We also examined the situation in England, in the United Kingdom. We found that there was a selling agency in the milk industry that was dismantled in the 1990s, and resulted in the price of dairy products plummeting for the producers, while the consumer price either stayed the same or increased. We have statistics on this.

This is the kind of impact that we expect here. The same thing will probably end up happening to the Canadian Wheat Board, it won’t be able to survive voluntary markets. The farmers could be the biggest losers in all of this.

I will let Mr. Bilodeau complete my argument.

Mr. Denis Bilodeau:

On the subject of support for the agriculture industry, when the time comes where farms will be shut down, year after year, because people can’t make a living from them anymore, choices will need to be made. Government action will need to be taken.

If we want to obtain the highest possible prices for farms on the market, we will need government intervention. If not, the agriculture industry and groups of producers will disappear. We would have to deal with production concentrations, which isn’t the outcome that we’re looking for. These models weren’t recommended in Québec.

There are a variety of collective marketing structures. Recently, apple producers implemented a structure that is relatively unrestrictive, but which provides an overall, integrated picture of apple inventories.

It’s easy for a buyer to sow doubt in the heart of a producer and influence prices: he can say that inventory is too low, or too high and that since there are heavy volumes, a given price has to be paid, if not, the producer has to sell for less later.

However, in a collective structure, production volumes are posted, and information on volumes and reference prices are available. This information serves to provide indicators to the buyers. And that’s what we stand to lose.

Mr. Alex Atamanenko:

Mr. Penner, what’s your reaction? Here we have the collective approach, the so-called individual approach. In line with the question, how do you react to this?

Mr. Rolf Penner:

A couple of things have come up a number of times concerning what the gentlemen have been saying. They’ve talked about critical mass and the voluntary system and that we need some government intervention to help out. In this case – the Canadian Wheat Board – the government intervention is not helping out. It is hindering us.

Earlier you asked about the Ontario experience and my thoughts on that one. Yes, when Ontario first went to the voluntary system they did go down to a 13% market share, but they’ve been coming up steadily ever since. The latest figures now show that they are at a solid 30% and growing. The reason they are growing is that they are now providing good services to their producers.

The key point is not only market share. Look at the acreage. The acreage in Ontario continues to increase, which means the producers are very confident in the system the way it is. They look at this and they say, “This is a good way of doing business. We’re making more money. If we’re making more money, we’re going to do more of the same.” And that’s what we’re seeing in Ontario. And that’s what we’ve seen in the west when it comes to the pork boards. The idea that if you allow producers the individual choice, they will never, ever market their crops or their animals or their products collectively is disingenuous. Of course they do.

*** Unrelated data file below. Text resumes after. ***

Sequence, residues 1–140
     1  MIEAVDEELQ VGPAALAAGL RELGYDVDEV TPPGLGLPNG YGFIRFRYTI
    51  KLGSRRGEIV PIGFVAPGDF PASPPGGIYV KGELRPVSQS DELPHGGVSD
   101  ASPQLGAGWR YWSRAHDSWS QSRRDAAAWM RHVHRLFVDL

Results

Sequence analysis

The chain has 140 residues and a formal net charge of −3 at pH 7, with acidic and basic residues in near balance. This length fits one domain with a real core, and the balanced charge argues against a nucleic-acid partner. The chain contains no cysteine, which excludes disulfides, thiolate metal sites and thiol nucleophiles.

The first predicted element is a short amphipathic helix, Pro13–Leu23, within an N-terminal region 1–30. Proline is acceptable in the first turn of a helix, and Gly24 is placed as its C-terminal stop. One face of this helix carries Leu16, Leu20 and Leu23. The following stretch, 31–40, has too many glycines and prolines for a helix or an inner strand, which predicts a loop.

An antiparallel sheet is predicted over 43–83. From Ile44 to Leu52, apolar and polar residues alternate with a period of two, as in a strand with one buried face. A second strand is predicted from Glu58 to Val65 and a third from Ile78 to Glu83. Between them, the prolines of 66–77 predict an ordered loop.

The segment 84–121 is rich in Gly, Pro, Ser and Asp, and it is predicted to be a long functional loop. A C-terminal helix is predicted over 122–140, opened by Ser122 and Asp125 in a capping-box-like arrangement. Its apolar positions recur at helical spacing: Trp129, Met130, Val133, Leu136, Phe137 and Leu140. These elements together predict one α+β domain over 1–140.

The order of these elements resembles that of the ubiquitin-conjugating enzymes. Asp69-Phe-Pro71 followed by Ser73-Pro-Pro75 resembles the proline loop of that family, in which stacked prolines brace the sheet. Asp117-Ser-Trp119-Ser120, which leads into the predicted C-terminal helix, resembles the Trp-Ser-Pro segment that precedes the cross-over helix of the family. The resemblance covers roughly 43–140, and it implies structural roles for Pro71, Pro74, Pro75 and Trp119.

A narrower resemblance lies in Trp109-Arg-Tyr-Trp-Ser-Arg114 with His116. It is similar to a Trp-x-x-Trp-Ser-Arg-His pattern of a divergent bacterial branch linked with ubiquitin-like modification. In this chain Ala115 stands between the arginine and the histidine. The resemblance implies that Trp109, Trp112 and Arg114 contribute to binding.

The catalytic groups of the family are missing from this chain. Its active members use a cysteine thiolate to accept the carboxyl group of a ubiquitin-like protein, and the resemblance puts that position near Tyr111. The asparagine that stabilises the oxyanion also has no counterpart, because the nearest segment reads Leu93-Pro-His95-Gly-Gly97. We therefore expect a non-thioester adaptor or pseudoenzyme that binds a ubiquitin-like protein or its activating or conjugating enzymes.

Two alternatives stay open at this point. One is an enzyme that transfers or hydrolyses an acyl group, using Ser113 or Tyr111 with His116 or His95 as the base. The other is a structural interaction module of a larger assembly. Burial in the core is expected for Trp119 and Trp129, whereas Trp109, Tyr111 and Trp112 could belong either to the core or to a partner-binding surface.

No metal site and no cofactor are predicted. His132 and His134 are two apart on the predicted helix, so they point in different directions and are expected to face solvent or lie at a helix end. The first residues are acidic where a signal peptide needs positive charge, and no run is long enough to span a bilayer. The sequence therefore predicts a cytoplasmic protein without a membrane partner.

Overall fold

I’m also a pork producer, and I work cooperatively with a whole bunch of producers in Manitoba. In Manitoba we have probably a half dozen such organizations that are all successfully marketing hogs on a voluntary basis. It works to the benefit of all the producers, because you have that competition between those different groups. They want to maximize their return to their producers and they want to be able to try to bring other producers in from other places and grow the industry organically, from itself.

Go ahead.

Mr. Alex Atamanenko:

Okay. I have another question.

If the Wheat Board is performing as poorly as some people state it is, and they have concerns, why have the board of directors and the members tolerated this so far? They compare the sales figures. If it has been doing as badly as people say, why hasn’t there been an outcry amongst the members of the Wheat Board and the directors?

Mr. Rolf Penner:

Well, let me put the question back to you and say that if they’re doing such a darn good job, why are they afraid of letting farmers themselves choose and vote with their trucks? If they’re half as good and half as popular as their polls and indicators say, there is not going to be a concern for the Wheat Board to compete in the open market environment.

Mr. Alex Atamanenko:

So you don’t believe that farmers themselves should have a choice in the direction they go?

Mr. Rolf Penner:

I believe they should have a choice, and I believe that choice starts and ends with their grain trucks. When they have to pay the bills – the fertilizer bills, the fuel bills, the land bills, the mortgages – and they have to fight off the insects and weeds, they have more than earned the right to market that product they have created in any way that they see fit.

Mr. Alex Atamanenko:

Should there be a vote by those who are using the Wheat Board, in your opinion?

Mr. Rolf Penner:

No. That goes back to my strawberry ice cream and chocolate ice cream analogy. It’s an opinion poll that tells us who’s on this side and who’s on that side, but it doesn’t really settle the matter. This is a feud that has been going on for probably 50 years, if not longer. We’re not going to solve it with a vote. We need some decisiveness on this thing to finally get it over with.

The Chair:

Thank you, Mr. Atamanenko.

I think everyone was allowed to extend over time today, because they knew they’d only get one round. So I thank you for your cooperation.

This is the start of a week-long – in fact, probably two-week long – series of meetings on this issue.

Gentlemen, thank you so much for your interventions today. Thank you for your input. I look forward to seeing you again.

This meeting stands adjourned.